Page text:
The main list of changes compared to the D7000 can be found inside the camera itself. Thankfully, the sensor’s resolution has gone up from 16 to 24-megapixels, while dispensing with an optical low-pass filter in order to maximise detail levels – something i’ll get onto later. The autofocus sensor also now has 51 points, including 15 cross-type points for increased sensitivity. The D7000 definitelyalready lead the way at this price with its 39 points, but we’re more than happy to have even more, further cementing Nikon as leading the charge. The dense cluster of points covers most of the frame, and makes it easy to focus precisely on the subject rather than have to line the subject up with an autofocus point.
More points should typically improve the accuracy of the 3D tracking focus mode. While didn’t have the D7000 on hand to compare it with, the D7100 did a fine job of tracking subjects as they moved nearer, further and around the frame, with more than half the shots in sharp focus.
Continuous shooting performance is quoted as 6fps, which is a figure exactly the same as the previous D7000. The higher resolution has actually taken its toll on the camera’s endurance however. With a fast SDHC card, the D7000 kept going at 6fps for 100 shots, while the D7100 only managed 18 frames at 5.9fps before it slowed to 3.4fps. Of course, this isn’t exactly a terrible result, though, and should be perfectly capable in most situations. There’s also a 1.3x crop mode on offer, which uses a significantly smaller central area of the frame to offer 15.3-megapixel photos at 7fps, which was around 6.8fps in our tests, which lasted for 24 frames before slowing to around 4.2fps.
Continuous raw performance was much shorter-lived, starting at 4.9fps and slowing to just 1.4fps after only five frames (the D7000 lasted for ten). We were able to raise the initial speed back up to 5.8fps by switching from 14- to 12-bit raw formats, but it still only lasted for five frames – less than a second – before slowing dramatically. The 7fps, 1.3x crop mode managed nine frames before slowing.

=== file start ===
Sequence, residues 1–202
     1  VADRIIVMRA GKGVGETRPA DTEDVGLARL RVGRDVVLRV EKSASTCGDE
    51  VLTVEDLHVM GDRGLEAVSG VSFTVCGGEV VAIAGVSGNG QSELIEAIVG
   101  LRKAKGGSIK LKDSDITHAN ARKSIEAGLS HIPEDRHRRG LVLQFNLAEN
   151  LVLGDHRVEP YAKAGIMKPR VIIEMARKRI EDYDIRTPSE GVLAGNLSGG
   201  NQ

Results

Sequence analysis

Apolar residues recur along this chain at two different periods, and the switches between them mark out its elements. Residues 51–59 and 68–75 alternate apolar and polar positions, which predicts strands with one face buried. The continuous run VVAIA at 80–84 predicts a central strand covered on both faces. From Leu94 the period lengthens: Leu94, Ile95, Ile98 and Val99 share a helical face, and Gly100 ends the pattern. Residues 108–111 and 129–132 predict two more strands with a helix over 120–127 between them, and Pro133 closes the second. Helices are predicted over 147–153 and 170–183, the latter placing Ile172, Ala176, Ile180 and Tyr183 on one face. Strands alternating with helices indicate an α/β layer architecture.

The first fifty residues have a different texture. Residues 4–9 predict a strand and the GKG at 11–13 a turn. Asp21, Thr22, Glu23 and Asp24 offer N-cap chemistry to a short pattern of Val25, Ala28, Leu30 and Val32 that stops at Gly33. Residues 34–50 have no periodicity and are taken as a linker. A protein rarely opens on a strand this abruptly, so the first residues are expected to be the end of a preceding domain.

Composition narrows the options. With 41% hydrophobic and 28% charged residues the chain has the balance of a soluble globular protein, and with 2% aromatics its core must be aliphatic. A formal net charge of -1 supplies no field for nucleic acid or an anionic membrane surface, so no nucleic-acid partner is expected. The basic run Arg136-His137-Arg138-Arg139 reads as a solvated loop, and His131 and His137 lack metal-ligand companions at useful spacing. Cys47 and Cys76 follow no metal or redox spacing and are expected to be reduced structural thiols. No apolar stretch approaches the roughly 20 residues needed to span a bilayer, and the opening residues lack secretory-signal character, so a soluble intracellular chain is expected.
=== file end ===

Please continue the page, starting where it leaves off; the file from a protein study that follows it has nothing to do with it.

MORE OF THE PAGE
Continuous JPEG shooting also took a big hit when Auto distortion control (for counteracting lens distortion) was enabled, slowing to 1.9fps after seven frames. The bottom line here is that sustained fast performance is possible, but only if you’re willing to forego raw mode and distortion correction, and possibly lower the resolution. These are choices we’d prefer not to have to make on a £1,000 camera.
Thankfully, the video mode has some useful upgrades. There’s a nice headphone out to complement the microphone input, plus a stereo rather than mono built-in microphone too. The frame rate is no longer fixed at 24fps, with a choice of 24p, 25p and 30p, plus 50i and 60i in 1.3x crop mode. It’s a bit daft that the crop mode must be set elsewhere first, or else the 50i and 60i options are greyed out – why not just perform the crop automatically? There should be more than enough detail from the sensor to produce sharp 1080p video from this 1.3x crop area, but videos in this mode sadly weren’t as detailed as when using the full sensor area.
Other than that, video quality was excellent, and we were pleasantly surprised to find very little evidence of moiré interference – something that previous Nikon SLRs’ video modes have suffered from. Heavy handed video autofocus remains unresolved, though. It must be updated on demand and spoiled the soundtrack when using the internal microphone. Shutter- and aperture-priority modes aren’t available for video, but manual exposure is, making this a solid choice for serious video work.